First of all it is not a base. Secondly the US Africa Command, which we refer to as Africom which except for Egypt is responsible for the continent, has various facilities around Africa the largest of which is in Djibouti Camp Lemonnier and we call our people who are there: Combined Joint Task Force – Horn of Africa. We have various facilities throughout Africa, whether it is in Kenya, Burkina Faso or Mali or Mauritania – different types of things in different countries. We provide training and equipment to build the capacity of the local military. So in Ethiopia, in Arba Minch we use the airstrip there for reconnaissance purposes.
Capital: But the secret drones that are using the airstrip can be easily armed and launch missiles and other attacks…is this true?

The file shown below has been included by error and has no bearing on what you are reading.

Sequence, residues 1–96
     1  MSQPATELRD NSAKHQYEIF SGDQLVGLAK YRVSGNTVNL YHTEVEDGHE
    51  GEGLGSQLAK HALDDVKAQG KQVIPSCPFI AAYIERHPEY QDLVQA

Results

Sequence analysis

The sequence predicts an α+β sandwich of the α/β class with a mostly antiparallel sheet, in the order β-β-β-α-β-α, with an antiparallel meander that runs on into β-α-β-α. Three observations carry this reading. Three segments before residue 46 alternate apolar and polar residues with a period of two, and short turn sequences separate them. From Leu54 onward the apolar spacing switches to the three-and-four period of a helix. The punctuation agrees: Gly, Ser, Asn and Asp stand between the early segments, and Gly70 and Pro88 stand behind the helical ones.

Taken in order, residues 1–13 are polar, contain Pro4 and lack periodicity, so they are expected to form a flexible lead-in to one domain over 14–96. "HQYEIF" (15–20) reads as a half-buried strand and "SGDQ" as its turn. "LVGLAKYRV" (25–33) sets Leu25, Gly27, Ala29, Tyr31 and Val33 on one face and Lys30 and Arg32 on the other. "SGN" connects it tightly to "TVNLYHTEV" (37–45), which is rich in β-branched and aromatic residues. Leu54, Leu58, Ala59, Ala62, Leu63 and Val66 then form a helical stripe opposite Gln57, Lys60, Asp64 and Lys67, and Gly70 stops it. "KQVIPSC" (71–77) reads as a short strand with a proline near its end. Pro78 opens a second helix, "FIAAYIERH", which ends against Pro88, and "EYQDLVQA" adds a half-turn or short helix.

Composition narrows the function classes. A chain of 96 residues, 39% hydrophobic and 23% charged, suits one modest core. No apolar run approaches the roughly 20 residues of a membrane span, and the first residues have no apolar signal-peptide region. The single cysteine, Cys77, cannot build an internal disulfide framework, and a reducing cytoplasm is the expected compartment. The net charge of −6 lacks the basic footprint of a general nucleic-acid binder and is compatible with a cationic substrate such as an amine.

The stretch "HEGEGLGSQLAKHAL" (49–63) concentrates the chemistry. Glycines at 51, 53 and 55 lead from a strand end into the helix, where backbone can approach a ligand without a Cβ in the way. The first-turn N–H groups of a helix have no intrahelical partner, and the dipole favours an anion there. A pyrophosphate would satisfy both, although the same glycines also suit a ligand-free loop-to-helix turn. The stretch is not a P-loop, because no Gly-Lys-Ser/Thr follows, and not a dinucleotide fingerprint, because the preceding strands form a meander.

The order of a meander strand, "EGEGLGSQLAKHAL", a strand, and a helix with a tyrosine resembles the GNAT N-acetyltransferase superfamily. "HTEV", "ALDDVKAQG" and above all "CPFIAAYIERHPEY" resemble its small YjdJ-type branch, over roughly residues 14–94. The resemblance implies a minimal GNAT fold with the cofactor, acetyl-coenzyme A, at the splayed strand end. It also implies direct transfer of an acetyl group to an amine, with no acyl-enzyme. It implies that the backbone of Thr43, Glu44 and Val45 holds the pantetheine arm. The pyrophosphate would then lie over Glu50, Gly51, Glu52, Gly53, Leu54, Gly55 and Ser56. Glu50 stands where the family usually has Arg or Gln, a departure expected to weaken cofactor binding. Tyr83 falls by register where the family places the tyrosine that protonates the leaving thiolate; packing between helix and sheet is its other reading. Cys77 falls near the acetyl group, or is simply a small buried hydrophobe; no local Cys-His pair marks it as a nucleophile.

You are getting into an area which you should really talk to current Department of Defense officials as opposed to former officials.
Capital: The Washington Post reported that the Ethiopian government was very reluctant to allow the US to use the facility. The report said there has been continuous negotiations for almost four years before the government agreed to the project; what were their concerns?
Any time the US Government wants to use a facility in the country, there is a lot of negotiation because there are political and economic concerns. Obviously all of these concerns have to be taken into consideration and agreements should be reached.
All I would say about any of the facilities and capacity building projects the Department of Defense or Africom does in Africa is, it is done to reinforce the African Union and individual partners so that governments are better able to defend their countries, provide stability and security so that they can send peace keeping missions like the Ugandans did to Mogadishu and alike. What we do is reinforce capacity not create something else because our efforts have to be consistent with the desires of the governments.